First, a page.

Interethnic conflicts are never the consequence of religious differences, they are always generated by the politics. However, diversity in Christian traditions makes the impression that these problems are real and rational, and the only solution for them, the radical one could be: nationalism and homogenization of citizens. Below we will follow how revolutionary events in 1848 influenced the “private life” of churches in the Hungarian Kingdom of that time.
religion and politics
Proclaiming equality before the law for denominations by the Statute nr. XX. in 1848, challenged both the churches and the civil rights. In many cases religious freedom goes hand in hand with national identity. This essay aims to review the attitude of the First Hungarian Government (lead by count Lajos Batthyány from March to September 1848) towards the churches of the Hungarian Kingdom at that time.
This article considers the theme of politics from the perspective of Dan 4. YHWH gives people power of which they can take advantage. This power is controlled and judged by YHWH, who, on his turn, looks for human representatives who understand His will. The tree surrounded by a band (Dan 4:12) points to the possibility of perseverance in the judgment, which is proclaimed by means of human agents. Anyone dreaming of a better policy has to be-come YHWH’s servant which requires humility and obedience.
Few passages in Matthew deal with the relation between Christ, his followers and the authorities. When Christ or the believers came into contact with the authorities, they usually ended up being persecuted, mistreated, jailed or executed. We examine the encounter of Jesus with Herod, Pharisees, Herodians, Pilate, chief priests, the first and second Roman centurion, and then the meeting of John the Baptist, Simon from Cyrene and Joseph of Arimathea with the authorities.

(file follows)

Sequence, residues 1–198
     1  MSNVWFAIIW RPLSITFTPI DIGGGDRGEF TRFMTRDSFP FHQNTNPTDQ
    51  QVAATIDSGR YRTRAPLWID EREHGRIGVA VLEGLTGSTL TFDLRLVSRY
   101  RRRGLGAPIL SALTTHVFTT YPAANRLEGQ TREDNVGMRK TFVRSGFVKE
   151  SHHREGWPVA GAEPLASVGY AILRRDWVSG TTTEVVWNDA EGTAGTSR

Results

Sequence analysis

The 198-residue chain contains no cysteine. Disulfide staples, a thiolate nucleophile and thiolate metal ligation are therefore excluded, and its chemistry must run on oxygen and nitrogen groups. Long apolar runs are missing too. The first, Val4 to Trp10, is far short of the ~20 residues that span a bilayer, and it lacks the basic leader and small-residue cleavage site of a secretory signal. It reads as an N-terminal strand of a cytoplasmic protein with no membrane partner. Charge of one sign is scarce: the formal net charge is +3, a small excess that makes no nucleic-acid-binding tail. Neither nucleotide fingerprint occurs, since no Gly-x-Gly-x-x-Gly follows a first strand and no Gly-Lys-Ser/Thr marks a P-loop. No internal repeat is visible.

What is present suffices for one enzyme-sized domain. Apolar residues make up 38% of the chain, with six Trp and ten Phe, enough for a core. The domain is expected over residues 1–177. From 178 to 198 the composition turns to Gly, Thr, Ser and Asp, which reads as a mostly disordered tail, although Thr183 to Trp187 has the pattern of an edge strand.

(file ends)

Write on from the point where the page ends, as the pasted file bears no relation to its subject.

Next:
Even though the ancient solar cult goes back to the early days of the Roman Republic, it had to wait for a long time to gain far-reaching acceptance. Emperors were fond of increasing the influence of Deus Sol in society on both political and religious grounds. Initially, they took great care to ensure that their personal prestige remained more important than that particular influence.
The author is a senior research fellow of the National University of Public Service and General Secretary of the Ecumenical Council of Churches in Hungary. He is an expert in international affairs, a Lutheran pastor, holding a PhD in Military Sciences. The author explores how the churches in Hungary can cooperate with the state in order to create security in Hungary and in other parts of the world. Readers may gain an understanding of the tasks and services of the Ecumenical Council and its member churches in Hungary with special regard to the helping of the persecuted Christians.